The Watchtower’s two-class salvation system is premised on the belief that there will be two different types of resurrection:
- The 144,000, when they die, receive spirit bodies suitable for life in heaven. Their physical bodies will never be resurrected. They will live in heaven and never again be on earth.
- The great crowd will one day be raised from the dead in physical—not spirit—form. They will live on the earth forever and never go to heaven.
I have previously posted a series of blog articles regarding the resurrection which you may find helpful in challenging these Watchtower’s teachings. I’ll give you links to those articles below along with a brief synopsis of what each covers.
Do people have a separate soul or spirit that survives physical death?
Is the resurrection a reuniting of soul, spirit, and body?
If not, in what sense is the resurrected person the same person who died?
Is the body that dies the same body that is raised from the dead?
This article explains the differences between the Christian and Watchtower teachings on these issues.
Doesn’t the statement in 1 Corinthians 15:44-45 that there is a natural body and a spiritual body prove that the great crowd will be raised with physical (natural) bodies, while Jesus and the 144,000 will have spirit bodies?
How can the great crowd (who will be resurrected with physical bodies) go to heaven and reign with Christ when 1 Corinthians 15:50 plainly states that “flesh and blood cannot inherit the kingdom of God”?
This article shows how to answer these Watchtower questions by examining 1 Corinthians 15:35-50 verse-by-verse in context.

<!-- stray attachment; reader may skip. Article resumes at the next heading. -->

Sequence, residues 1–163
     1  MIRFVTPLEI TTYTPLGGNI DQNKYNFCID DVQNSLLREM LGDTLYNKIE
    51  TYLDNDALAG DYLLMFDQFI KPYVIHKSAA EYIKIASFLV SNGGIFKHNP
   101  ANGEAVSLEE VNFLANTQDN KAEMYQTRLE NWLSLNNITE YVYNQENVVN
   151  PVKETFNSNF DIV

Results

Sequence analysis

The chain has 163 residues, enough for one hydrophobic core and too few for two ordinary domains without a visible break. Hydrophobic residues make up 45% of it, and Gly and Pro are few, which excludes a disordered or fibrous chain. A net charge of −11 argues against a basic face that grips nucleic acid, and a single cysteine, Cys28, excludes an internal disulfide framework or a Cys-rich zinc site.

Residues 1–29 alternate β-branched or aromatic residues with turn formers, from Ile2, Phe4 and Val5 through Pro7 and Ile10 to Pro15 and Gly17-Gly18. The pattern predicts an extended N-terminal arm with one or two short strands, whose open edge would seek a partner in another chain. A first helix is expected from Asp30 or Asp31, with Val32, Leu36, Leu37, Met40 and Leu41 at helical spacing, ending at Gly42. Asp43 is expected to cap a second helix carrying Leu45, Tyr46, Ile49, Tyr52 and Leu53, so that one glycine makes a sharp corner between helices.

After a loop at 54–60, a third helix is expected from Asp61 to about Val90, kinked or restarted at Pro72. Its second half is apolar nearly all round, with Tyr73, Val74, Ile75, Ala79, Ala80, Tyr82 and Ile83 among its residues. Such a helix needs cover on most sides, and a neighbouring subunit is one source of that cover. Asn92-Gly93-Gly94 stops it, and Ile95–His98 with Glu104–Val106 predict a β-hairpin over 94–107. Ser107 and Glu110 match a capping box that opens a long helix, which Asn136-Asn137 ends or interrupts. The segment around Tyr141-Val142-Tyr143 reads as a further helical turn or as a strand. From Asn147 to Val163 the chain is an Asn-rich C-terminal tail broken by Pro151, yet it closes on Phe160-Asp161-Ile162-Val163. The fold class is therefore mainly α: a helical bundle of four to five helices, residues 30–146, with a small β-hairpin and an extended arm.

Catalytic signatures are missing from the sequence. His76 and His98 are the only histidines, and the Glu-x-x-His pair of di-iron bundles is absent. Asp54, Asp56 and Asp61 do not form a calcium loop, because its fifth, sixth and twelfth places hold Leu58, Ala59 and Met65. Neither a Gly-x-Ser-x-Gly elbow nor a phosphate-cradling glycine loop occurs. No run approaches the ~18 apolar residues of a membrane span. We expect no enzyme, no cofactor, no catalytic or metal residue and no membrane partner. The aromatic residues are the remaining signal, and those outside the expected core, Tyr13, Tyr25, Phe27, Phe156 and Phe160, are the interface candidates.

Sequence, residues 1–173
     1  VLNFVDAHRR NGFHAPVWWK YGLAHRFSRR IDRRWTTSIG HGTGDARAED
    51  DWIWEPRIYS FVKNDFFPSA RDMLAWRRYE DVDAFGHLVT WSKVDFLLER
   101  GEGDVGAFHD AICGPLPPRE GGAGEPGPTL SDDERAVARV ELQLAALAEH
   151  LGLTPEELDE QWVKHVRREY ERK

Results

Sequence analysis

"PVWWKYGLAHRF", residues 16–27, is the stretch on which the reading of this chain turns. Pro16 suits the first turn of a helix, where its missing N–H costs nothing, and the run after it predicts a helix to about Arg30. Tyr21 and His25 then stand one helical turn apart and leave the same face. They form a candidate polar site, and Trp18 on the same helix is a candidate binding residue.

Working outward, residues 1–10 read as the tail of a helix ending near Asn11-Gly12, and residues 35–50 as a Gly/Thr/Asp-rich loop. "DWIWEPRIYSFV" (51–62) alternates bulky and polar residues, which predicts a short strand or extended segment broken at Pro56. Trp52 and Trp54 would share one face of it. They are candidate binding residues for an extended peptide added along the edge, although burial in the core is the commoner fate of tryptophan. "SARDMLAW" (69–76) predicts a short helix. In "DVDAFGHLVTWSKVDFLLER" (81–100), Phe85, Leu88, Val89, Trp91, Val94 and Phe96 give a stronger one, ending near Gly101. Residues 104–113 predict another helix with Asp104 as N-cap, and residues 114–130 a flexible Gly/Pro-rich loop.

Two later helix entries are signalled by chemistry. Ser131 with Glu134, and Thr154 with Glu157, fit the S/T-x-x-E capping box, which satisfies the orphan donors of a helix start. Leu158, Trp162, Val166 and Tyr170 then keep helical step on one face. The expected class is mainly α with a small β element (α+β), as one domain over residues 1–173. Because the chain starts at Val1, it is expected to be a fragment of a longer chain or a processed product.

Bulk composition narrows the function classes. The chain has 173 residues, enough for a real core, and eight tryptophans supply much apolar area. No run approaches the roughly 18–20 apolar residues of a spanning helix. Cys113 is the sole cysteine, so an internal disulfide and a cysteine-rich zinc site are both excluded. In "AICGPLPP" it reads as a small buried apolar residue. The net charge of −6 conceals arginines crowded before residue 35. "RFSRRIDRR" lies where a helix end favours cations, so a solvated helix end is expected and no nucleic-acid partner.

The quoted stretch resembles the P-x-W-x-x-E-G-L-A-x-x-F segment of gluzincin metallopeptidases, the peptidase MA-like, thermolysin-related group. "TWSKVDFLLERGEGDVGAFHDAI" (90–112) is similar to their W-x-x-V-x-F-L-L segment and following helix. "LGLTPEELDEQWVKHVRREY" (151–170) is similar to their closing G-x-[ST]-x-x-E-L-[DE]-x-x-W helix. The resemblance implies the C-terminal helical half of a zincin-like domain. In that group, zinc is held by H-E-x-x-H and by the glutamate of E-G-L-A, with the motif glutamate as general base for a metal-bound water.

Will ever human being who ever lived and died be resurrected?
If not, who will and who won’t be resurrected?
This article contrasts Watchtower doctrine on these matters with what the Bible really says and points out contradictions in Watchtower teachings on this subject.
How does the Watchtower’s doctrine that the fate of the unrepentant is annihilation affect its views of who will and won’t be resurrected?
What is “the judgment” referred to in Hebrews 9:7—God’s pronouncement of guilt and punishment for the unrepentant (Christian teaching) or a probationary period during the millennial kingdom in which people will have a second chance at everlasting life (Watchtower teaching)?
The Watchtower has a unique rendering of Romans 6:7: “For the one who has died has been acquitted from his sin.” If that’s so, then why does the Watchtower believe some people were too wicked to be resurrected?
This article discusses these issues and suggests questions you can ask Jehovah’s Witnesses to challenge the Watchtower’s positions.
Are Christians resurrected the moment they die?
Has the resurrection of the 144,000 already begun?
What about the resurrection of the great crowd?
Will all who are resurrected be raised at the same time? If not, what will be the process?
Will members of the great crowd be resurrected at the beginning of the millennial kingdom? At the very end? At various points in the middle?
This article contrasts the Christians and Watchtower answers to these questions and suggests ways to get Witnesses to re-examine the Watchtower teachings.
Will all Christians go to heaven?
Will some Christians live on a paradise earth without ever going to heaven?
Are there really two separate classes—140,000 destined for heaven only and a great crowd destined for earth only?
Will people be able to go back and forth between heaven and earth?
This article discusses these questions and shows ways to challenge Watchtower doctrines regarding these matters.
Have you used information from any of these blog articles about the resurrection in talking with Jehovah’s Witnesses? How did it go?
Share your thoughts in the comments.
(Photo by James Emery: https://www.flickr.com/photos/emeryjl/520114756)